The last few starts I've made have all lasted a couple of sessions at best. More oftren than not, some kind of real-world issue causes a fight between players...who then take it out on one another's characters...then the resentment comes back out of game.
It's frustrating and one of the reasons my regular gaming group fractured over a year ago, then gradually crumbled away. We still socialise together, but gaming just has a way of bringing up old wounds within that group.
For the last 18 months, the only games I've GM'd or played have been at conventions. I've spent more time analysing and designing, less time playing or GMing. It's probably led to a bit of detachment from the physical/social act of gaming.
Then came a double hit to solve my problems. First a trio of Norwegians, then a distress call on Nearbygamers.
The Norwegians had come to Australia for Arcanacon in Melbourne. While passing through Sydney I offered some Aussie hospitality, preparing traditional Aussie cuisine with a main course barbeque of beef and kangaroo, and a dessert of lamingtons and Tim Tams (well...my long suffering wife Leah prepared the dessert). While in town I had to show them my most complete game, The Eighth Sea. This went down fairly well, and I gave them each a copy of the rules. Matthijs promises that he'll send across a copy of his own book "Norwegian Style" once he gets back home (There's a blog about it here). It was a great night, even if I did forget many of the rules of my own game (again).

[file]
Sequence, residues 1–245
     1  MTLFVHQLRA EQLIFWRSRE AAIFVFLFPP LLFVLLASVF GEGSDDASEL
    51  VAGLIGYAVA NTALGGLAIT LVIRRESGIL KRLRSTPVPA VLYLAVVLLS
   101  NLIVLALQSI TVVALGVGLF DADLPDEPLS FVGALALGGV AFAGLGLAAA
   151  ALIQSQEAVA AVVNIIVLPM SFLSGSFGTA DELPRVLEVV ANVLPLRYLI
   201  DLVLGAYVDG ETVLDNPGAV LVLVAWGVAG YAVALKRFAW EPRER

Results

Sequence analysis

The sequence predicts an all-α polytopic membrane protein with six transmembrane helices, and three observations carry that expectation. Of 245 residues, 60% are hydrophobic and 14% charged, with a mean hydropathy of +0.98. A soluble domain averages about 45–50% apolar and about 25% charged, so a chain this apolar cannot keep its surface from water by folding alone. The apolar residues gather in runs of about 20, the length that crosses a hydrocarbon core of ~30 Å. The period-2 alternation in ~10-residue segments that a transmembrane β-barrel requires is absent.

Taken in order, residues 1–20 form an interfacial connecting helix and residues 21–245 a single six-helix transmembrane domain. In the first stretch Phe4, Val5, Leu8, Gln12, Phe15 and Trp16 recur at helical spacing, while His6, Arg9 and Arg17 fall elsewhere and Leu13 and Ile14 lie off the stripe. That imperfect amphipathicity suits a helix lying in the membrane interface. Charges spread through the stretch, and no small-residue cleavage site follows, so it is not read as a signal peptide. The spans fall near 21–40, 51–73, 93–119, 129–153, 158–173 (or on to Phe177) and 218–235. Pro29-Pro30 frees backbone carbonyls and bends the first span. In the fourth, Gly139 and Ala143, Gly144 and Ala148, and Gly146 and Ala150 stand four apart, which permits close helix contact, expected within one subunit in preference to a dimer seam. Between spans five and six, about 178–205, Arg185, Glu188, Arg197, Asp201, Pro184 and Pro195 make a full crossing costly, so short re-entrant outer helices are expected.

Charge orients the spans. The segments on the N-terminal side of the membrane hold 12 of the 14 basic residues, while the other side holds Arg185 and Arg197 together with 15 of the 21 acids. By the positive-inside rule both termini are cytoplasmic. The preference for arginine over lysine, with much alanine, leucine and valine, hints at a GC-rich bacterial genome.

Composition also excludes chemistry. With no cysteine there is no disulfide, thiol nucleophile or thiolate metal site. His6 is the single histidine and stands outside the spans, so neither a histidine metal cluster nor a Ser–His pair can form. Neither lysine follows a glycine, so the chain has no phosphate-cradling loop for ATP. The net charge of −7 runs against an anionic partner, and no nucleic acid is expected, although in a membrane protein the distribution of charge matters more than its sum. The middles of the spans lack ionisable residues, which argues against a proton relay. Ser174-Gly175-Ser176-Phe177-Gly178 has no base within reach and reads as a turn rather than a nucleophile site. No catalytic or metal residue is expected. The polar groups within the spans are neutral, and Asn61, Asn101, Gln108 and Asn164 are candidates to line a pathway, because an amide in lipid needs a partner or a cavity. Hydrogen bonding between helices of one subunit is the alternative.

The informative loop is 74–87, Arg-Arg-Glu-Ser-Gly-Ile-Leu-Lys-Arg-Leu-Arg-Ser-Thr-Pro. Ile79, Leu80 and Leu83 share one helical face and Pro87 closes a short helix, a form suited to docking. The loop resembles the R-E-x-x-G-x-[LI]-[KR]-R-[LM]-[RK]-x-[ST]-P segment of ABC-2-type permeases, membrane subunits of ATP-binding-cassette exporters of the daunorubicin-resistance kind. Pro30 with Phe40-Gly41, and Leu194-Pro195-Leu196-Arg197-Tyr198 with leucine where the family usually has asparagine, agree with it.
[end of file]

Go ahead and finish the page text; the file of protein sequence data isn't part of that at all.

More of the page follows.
Meanwhile a group of players in Bondi were looking for a GM...and that's where the true Hot Seat begins. They want campaign play and they seem like a fun bunch of guys, unlike most stereotypical gamers they meet in a martial arts dojo, they're all fit and I think that most combat rule systems would be incredibly overanalysed by them. They want to play D&D but I think they'll be up for something a bit more experimental based on the first session yesterday.
I decided to run character generation using a modified version of "A Penny for my Thoughts" (a review here, but regular readers will already know my liking for this game), with the hope that this would give some really interesting characters through interaction between the players.
It was a mix of players who'd heard of roleplaying and were interested, a few who'd tried it years ago, and a couple of seasoned veterans. They all got the idea pretty quickly, and it certainly produced an interesting mix of characters.
I'm using this group to play out a campaign world I developed a couple of years ago called Baron Xavier's Legacy. It's a sandbox style game in the same vein as West Marches.
I'll provide some more details shortly, bit at this stage things are looking good. Good enough that they are willing to pay me petrol and photocopying expenses to keep running a regular game for them...and they're enthusiastic enough to want two games per week.